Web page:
For instance, Carrie Kisker surveyed sixty community colleges asking whether civic engagement was a goal stated in missions or strategic plans with dedicated infrastructure and incentives in tenure or advancement process. She found diversity of approaches but high level of integration in curriculum and encouragement in extracurricular programs. However, her findings document a lack of a standardized instrument to assess civic engagement and the need for more study of institutionalized support. Other highlights include David Matthews’s proposed deliberative pedagogy which he linked to timely questions about authority and legitimacy in the public mandate for institutions of higher education. For example, John J. Theis cited the problems of people losing confidence in each other and in institutions, drawing on Carcasson’s work noting that the “expert model” usually dominates higher education in ways that disempowers collective action (43). The authors connect their work as educators with enduring questions of ethics, cultural identities, and inequality.
Significant numbers of students learning about religious studies and theology are enrolled in classes at community colleges with more racial and economic diversity than most seminary or elite college and university classes. Despite the lack of prestige or attraction these settings may have for many faculty, community colleges are rich in ability to shape citizens and hence the future of our communities. Furthermore, although many seminaries and religious studies departments compete fiercely and perpetuate bitter rivalries to attract students, community colleges seem better able to collaborate with each other and learn together in ways institutions for teaching religion and theology would do well to study. Since religious institutions also need leaders with civic competencies, theological educators concerned with the future will find the journal provocative. Especially those educators committed to promoting the common good, social justice, and public engagement will benefit from reading this book.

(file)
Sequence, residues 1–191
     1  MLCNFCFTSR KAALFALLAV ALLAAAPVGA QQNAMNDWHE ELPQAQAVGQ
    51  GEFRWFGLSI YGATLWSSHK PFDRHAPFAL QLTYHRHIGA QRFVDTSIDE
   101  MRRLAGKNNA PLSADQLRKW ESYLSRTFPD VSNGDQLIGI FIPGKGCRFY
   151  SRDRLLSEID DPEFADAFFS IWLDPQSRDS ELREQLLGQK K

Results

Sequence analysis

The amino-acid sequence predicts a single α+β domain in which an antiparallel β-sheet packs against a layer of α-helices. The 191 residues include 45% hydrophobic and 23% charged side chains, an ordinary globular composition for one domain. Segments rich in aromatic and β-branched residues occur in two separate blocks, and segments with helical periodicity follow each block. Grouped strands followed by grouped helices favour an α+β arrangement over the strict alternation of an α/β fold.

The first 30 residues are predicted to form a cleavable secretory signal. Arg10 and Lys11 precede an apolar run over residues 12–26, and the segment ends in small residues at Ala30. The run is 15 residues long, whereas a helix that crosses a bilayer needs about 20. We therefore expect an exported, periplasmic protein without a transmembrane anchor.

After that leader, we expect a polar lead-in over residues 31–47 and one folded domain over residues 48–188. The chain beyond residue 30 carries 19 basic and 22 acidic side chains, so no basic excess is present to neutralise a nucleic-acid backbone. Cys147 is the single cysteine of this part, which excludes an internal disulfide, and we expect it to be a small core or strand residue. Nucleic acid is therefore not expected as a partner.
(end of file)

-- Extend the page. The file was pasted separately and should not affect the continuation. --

Play and the Human Condition
Date Reviewed: November 30, -0001
Thomas Henricks’ Play and the Human Condition provides a valuable guide to the academic study of human play. Henricks has been teaching at Elon University since 1977 as a sociologist. He has been studying human play since his PhD dissertation, which explored the relationship between sports and social stratification, and he has over thirty years of academic publications in play studies. In this volume, Henricks attempts to advance his thesis that “play is fundamentally a sense-making activity and that the broader goal of this process is to construct the subjectively inhabited sphere of operations and understandings called the self” (209).
Henricks organizes this book into an introduction and nine chapters. He begins the introduction with three questions that guide his work: “How do we discover who we are? How do we determine the character of the world in which we live? And how do we decide what we can do in a world so configured?” (1). The introduction provides a rationale for studying play as well as an overview of the book.
The first three chapters explore general models of play. In Chapter I, Henricks explores the difficulties around establishing a definition for play as he reviews several modern definitions. He presents six ways of understanding play: as action, as disposition, as experience, as context, as interaction, and as activity while he connects each model to their major theorists. The next chapter presents how play is different from other patterns of human behaviors including ritual, work, and communitas. The final chapter in this section develops a theory of play that centers upon self-realization. Henricks notes that “play best teaches people how to conceive self-directed lines of action and to mobilize varieties of resources to realize these ambitions” (89).
In the middle of the book, Henricks devotes five chapters to various aspects of play including psychology, the human body, physical environment, social life, and culture. After focusing on the mind in his chapter on the psychology of play, Henricks turns to the human body and play in Chapter Five. While examining animal play, he concludes “play integrates symbolic and physically based meaning systems. . . play is a form of consultation between matters manifest and latent, known and unknown. In consequences, players extend and secure their understanding of themselves” (137). Next, he engages the physical environment and social aspects of play, because as he explains, “play is complicated by the presence of more than one player” (161). Chapter Eight builds upon the foundation of the earlier chapters to explore culture and play. This is an important chapter that engages the work of Geertz, Deerida, and Gadamer to list a few.